I know its naïve to think that anything is safe from advertising and branding these days. In fact, just two weeks ago Hyperallergic’s contributor Alex Cavaluzzo listed the top ten objects with unnecessary designer labels that included everything from the kind of expected (a Missoni bicycle) to the absolutely absurd (Cynthia Rowley diapers). While I shrugged off these items as kitschy designer ephemera, something about Ralph Lauren’s ad campaign for his new “dressed-down” label, Denim & Supply, rubbed me the wrong way.
Maybe it was this passage from the Denim & Supply Journal, which is really just a catalogue disguised as something more, that brought on the first waves of nausea:
Denim & Supply was born out of the warehouse and artist communities of Brooklyn, New York — young painters, poets, musicians and visionaries working together to generate a creative spirit in the middle of the city. Denim & Supply captures the unique, effortless style of clothes that live and breathe individuality. It’s something rare or weathered that you find along the way and feel connected to, instantly. Moody, eclectic & carefree, it’s the next generation of down-to-earth dressing.
While I realize that Ralph Lauren is simply trying to redefine his image as casual, cool and laid back, I could not get past how poorly the designer fakes it. The pages that follow feel almost like a Saturday Night Live skit of the Brooklyn fantasy that replaces real people and artists with models doing “artsy” things like playing piano, sketching in notebooks and doing card tricks, all while looking moody. The clothes themselves breathe nothing of individual style, but instead are trite and tired-trends (tattered jeans, plaid shirts and Native American prints) that Ralph Lauren attempts to inject new life into by latching onto the buzz surrounding Brooklyn.
While I see nothing wrong with drawing inspiration from a thriving artistic center, it’s the way that Ralph Lauren acts as if they are the ones who have discovered this demographic that bothers me.
The cover of the Journal sums up the company’s attitude perfectly. Four of the models saunter in front of a Brooklyn warehouse, which at first I took for the new Denim & Supply store. On closer inspection, though, the building looks suspiciously similar to the historic Tobacco Warehouse, just north of the Brooklyn Bridge, or at the very least one nearby onto which Ralph Lauren has Photoshopped “Denim & Supply” onto the façade. Considering Ralph Lauren’s obsession with turning streets of New York into his own kingdom (71st to 72nd street on Madison Avenue is lined with RL stores, including the Mansion and the newly built Chateau), his literal branding of a Brooklyn building is a move that marks the “warehouse communities” as his new territory.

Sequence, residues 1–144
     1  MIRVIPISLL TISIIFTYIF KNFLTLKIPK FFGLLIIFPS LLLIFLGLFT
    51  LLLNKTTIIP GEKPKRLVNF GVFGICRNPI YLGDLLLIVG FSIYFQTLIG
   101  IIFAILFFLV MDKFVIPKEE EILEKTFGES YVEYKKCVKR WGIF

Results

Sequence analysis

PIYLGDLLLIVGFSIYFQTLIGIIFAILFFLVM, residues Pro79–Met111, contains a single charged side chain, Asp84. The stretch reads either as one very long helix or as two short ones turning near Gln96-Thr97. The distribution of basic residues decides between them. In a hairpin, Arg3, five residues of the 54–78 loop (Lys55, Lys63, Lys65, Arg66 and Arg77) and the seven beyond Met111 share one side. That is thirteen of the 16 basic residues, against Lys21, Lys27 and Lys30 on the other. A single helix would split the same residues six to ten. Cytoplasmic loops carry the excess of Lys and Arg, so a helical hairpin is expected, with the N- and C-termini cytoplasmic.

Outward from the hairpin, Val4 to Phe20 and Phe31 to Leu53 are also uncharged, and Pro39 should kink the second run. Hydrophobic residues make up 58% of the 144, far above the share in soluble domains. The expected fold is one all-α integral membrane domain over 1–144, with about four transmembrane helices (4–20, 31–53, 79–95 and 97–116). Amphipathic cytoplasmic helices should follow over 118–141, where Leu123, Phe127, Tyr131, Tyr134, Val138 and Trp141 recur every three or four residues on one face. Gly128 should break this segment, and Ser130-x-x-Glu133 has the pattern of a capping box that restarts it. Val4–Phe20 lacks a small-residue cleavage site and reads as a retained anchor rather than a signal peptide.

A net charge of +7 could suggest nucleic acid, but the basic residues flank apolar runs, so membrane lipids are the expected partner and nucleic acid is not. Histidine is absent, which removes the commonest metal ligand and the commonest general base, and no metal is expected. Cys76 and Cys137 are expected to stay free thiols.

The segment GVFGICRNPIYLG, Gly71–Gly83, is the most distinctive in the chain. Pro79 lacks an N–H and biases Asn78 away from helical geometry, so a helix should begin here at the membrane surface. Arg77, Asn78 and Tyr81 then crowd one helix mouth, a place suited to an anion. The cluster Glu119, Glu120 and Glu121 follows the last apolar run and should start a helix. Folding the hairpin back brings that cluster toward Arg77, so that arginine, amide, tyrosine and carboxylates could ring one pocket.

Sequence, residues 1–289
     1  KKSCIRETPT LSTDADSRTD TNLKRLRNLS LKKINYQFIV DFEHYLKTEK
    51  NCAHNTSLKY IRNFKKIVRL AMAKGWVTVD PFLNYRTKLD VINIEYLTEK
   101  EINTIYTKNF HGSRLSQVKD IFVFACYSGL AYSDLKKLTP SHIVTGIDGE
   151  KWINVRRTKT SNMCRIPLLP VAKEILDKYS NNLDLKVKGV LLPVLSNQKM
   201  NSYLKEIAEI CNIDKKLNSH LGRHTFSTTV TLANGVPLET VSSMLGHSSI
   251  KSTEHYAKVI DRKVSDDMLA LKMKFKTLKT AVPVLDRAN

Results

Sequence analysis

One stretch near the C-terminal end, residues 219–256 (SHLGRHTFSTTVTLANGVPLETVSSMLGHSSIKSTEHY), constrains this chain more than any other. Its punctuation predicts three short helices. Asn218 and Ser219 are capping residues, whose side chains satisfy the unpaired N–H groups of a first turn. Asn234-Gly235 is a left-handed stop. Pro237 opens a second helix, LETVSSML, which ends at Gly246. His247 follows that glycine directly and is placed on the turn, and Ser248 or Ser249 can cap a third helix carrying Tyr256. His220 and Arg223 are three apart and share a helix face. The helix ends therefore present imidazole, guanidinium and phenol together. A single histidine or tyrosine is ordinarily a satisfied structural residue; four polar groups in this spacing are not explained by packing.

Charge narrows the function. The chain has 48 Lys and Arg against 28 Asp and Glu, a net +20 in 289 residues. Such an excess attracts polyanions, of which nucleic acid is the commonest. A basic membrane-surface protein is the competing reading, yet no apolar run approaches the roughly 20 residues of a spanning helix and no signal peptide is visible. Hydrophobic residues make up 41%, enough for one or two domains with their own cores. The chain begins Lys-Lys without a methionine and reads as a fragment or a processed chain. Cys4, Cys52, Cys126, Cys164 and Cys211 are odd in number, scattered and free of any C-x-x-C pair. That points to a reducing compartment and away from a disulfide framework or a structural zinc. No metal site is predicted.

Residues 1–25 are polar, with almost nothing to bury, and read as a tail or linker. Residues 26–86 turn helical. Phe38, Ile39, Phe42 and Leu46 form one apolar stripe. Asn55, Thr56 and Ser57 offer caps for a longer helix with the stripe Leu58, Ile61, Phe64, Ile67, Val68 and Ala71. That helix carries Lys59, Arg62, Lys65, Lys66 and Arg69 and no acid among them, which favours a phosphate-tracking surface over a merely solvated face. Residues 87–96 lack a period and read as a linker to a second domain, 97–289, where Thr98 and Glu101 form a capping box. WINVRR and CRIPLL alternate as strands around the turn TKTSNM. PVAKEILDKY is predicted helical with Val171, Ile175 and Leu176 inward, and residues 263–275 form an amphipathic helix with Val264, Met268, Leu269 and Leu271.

The Ralph Lauren marketing team clearly did their research to try to blend into their new terrain, but the result is a bit like an out of touch parent aping the styles of their younger, and much hipper kids. In the “We Heart Brooklyn, NY” section of the Journal, Brooklyn hot spots like Roberta’s pizzeria and Journal Gallery make the list. Both are already well-known and possibly over-exposed to anyone familiar with Brooklyn. But the real zinger on this page has to be the top quote:
You’ve probably heard that Brooklyn is a pretty groovy place — not just because it was one of Ralph Lauren’s inspirations for Denim & Supply.
Yes, we’ve heard Ralph, and, no, it’s not because of you.
In an attempt to shove more “individuality” into the campaign, the online version of the Journal also includes a series of warehouse screen tests that introduces the models, or “creative friends,” as the RL website refers to them. The optimist in me thought that maybe, just maybe, these ridiculously good-looking people were working artists from Brooklyn that Ralph Lauren had decided to feature in the Journal. At least then the company would be attempting, however superficially, to support the community they are also exploiting, as ad campaigns often do. But clearly I need to be more cynical.
After watching a few of the screen tests, it seems that the closest affiliation these models have with art comes from “looking at architecture,” as Julia from Sweden says in her video, or philosophizing about individuals in society while pouting, like Thiago. It’s possible that these individuals are artists who have something to say, but Ralph Lauren is less than interested.
The branding of Brooklyn is, of course, not a novel thing. In 2007 the Gap came out with the “Williamsburg” skinny cut jean, while the clothing company Deth Killers, which boasts the tag line, “Practically Guaranteed, Bushwick, Bklyn. New York,” is notorious for cashing in on the style of rival motorcycling clubs from Brooklyn back in the day. Yet at least Deth Killers was born out of a part of Brooklyn culture, even if its now commercial culture. Ralph Lauren, on the other hand, belongs on the runway and Madison Avenue, and has no business tapping into a community that is almost antithetical to its high-fashion image.